INTERROGATE THE FALLACY

Kikuyu privilege: Notions of tribal heritage in post-colonial Kenya

The real problem is the gap between the haves and the have nots across racial and tribal lines

In Summary

• A number factors come into play, key among them the occupation of State House by three presidents from the community.

• The other contributor to Kikuyu supremacy is the so-called tyranny of numbers.

For the last few weeks, we’ve been following the American elections and how the Democrats managed to raise a coalition of majority minorities led by women and people of colour against White supremacy.

Clearly, the US is a deeply racially divided society considering the number of people who voted for Joe Biden and President Donald Trump.

This divide is supposed to be less pronounced in America as the land of ‘opportunity’. However, racial tensions are rife just as they are in other countries, such as Malaysia with its Chinese, Indian, Malay and indigenous people’s population.

Closer to home, there has been talk of Kikuyu supremacy within our politics. A number factors come into play, key among them the occupation of State House by three presidents from the community. These are Founding Father Jomo Kenyatta, Mwai Kibaki  and Jomo's son Uhuru Kenyatta.

That all Kikuyus are rich is a notion that continues to permeate our society. In fact, a common joke goes that if you want a Kikuyu to rise from the dead, just jingle some coins next to them.

Kikuyu privilege is also epitomised by the love and attachment to land. Adverts of ‘buloti maguta maguta’ loosely translated to ‘prime plots for sale’ fill in the airwaves of many Kikuyu broadcasting stations.

The other contributor to Kikuyu supremacy is the so-called tyranny of numbers. This is demonstrated by the fact that no matter which corner of the country you find yourself in, you will always find a Kikuyu working or doing business there.

Further, the fact that these numbers serve to shore up the presidential bid of a de facto candidate from the Gema community strengthens this notion of invincibility.

In addition, proximity to Nairobi as the seat of power with nearly half of the population being from this community gives access to political capital and business opportunities.

The city is the hub of East African business and controls 21 per cent of Kenya’s GDP. This is slightly higher if combined with other counties that form the greater Nairobi area.

If one is asked to mention the billionaires they know on the basis of ethnicity, it’s most likely the first few names will be from Central Kenya. This enculturation is so permeated in that the poorest Kikuyu may be perceived as being better off than say the richest Dorobo or Elmolo.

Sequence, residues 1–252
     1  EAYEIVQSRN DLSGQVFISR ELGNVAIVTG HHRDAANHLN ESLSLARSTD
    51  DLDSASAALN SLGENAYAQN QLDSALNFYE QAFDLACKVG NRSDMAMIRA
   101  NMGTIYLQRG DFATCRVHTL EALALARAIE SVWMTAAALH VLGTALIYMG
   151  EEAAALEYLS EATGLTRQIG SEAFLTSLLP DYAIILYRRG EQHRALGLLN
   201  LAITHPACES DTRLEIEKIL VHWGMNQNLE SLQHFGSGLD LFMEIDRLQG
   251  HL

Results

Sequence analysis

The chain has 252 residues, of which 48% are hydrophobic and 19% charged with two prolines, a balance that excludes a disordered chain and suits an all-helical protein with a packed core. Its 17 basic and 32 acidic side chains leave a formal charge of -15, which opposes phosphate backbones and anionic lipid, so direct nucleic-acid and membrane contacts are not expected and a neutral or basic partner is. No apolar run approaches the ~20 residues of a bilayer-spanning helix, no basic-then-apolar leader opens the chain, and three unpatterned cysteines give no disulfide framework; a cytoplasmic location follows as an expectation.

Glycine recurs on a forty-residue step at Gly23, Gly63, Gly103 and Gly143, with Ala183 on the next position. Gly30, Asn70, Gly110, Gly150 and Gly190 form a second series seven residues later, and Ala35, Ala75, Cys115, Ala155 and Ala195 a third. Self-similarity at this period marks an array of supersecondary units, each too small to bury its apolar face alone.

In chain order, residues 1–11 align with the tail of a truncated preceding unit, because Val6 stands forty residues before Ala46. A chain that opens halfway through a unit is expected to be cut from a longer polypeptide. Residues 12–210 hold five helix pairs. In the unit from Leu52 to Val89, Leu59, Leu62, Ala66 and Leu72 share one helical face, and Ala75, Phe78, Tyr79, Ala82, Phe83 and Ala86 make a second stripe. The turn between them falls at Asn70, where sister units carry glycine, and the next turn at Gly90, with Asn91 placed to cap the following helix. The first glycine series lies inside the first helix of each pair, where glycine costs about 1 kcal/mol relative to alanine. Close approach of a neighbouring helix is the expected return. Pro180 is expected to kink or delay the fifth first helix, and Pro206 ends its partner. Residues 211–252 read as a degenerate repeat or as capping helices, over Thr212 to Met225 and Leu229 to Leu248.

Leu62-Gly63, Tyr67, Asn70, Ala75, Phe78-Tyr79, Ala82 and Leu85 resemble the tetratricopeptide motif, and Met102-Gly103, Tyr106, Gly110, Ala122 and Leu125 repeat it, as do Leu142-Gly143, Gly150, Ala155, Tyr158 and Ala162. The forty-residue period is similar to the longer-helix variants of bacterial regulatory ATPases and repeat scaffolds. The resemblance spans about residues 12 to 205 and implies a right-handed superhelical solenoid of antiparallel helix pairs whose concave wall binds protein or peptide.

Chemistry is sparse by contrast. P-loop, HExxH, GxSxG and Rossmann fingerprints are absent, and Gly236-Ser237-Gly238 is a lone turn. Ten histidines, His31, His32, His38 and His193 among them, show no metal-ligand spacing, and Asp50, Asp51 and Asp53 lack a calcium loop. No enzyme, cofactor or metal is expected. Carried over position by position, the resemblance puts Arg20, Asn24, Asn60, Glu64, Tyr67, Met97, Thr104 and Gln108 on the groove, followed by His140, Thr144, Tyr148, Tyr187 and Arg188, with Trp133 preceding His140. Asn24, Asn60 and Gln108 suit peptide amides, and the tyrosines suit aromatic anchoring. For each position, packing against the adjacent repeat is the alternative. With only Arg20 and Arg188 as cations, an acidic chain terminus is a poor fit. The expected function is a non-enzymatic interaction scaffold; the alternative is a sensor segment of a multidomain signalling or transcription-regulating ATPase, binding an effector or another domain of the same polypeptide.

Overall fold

The culture of property acquisition means that young men are seen to be more successful  if they build their own homes rather than buying ready-made condominiums.

Kenyans generally view Kikuyus as very enterprising and business-savvy. It is said that when Jomo visited Lamu, he found huge fertile tracts of land, and residents asked him to give them tractors to cultivate it.

In response, he relocated a sizeable number of people from Kiambu, Murang’a and Kirinyaga to the area, especially around Mpeketoni.

Today, this constituency is arguably more developed compared to Lamu East. The same can be said of Eldoret town and Nakuru city, especially after displacements of the 2007 post-election violence.

However, it’s good to interrogate these notions to see the veracity of the matter. Is it actually true for example that the poorest Kikuyu is better off than the richest Dorobo?

You see, the fact that this idea plays tricks in the mind of many readers clearly demonstrates the extent to which it has permeated  our psyche. The truth of the matter is that this isn’t true.

Due to the high population and competition for scarce resources, there exist very high levels of inequalities amongst the Kikuyu. According the 2019 KNBS data on GDP per capita in the 47 counties, Kisumu is at Sh3,883 as compared to Kirinyaga or Lamu at Sh2,013 and Sh647, respectively.

In addition, due to high population, land is becoming a very scarce commodity. With inheritance to girls as well, morsels of arable land are being subdivided into smithereens, unviable for meaningful economic activity.

Further, the fertility rate in Central Kenya is on the decline and soon the Luhya are likely to be the biggest tribe in the next 10 or so years.

This means the notion of tyranny of numbers cannot hold water for long. In the same manner as Trump has been defeated by a coalition of majority minorities, this shall most likely apply to the presidential bids from 2022 going forward.

It is, therefore, a fallacy to perpetuate this narrative as it serves to introduce an "Us versus Them" mindset that isn’t sustainable in the long run.

Trump’s clarion call of ‘Make America Great Again’ isn’t so much about the country being an international policeman, but rather solving internal grievances of the White Anglo-Saxons getting privileged jobs and better opportunities.

This is the same rhetoric used for or against perceived Kikuyu supremacy and dominance. A closer look, though, tells  a different story altogether. The real problem is the gap between the haves and the have nots across racial and tribal lines.

Alluta Continua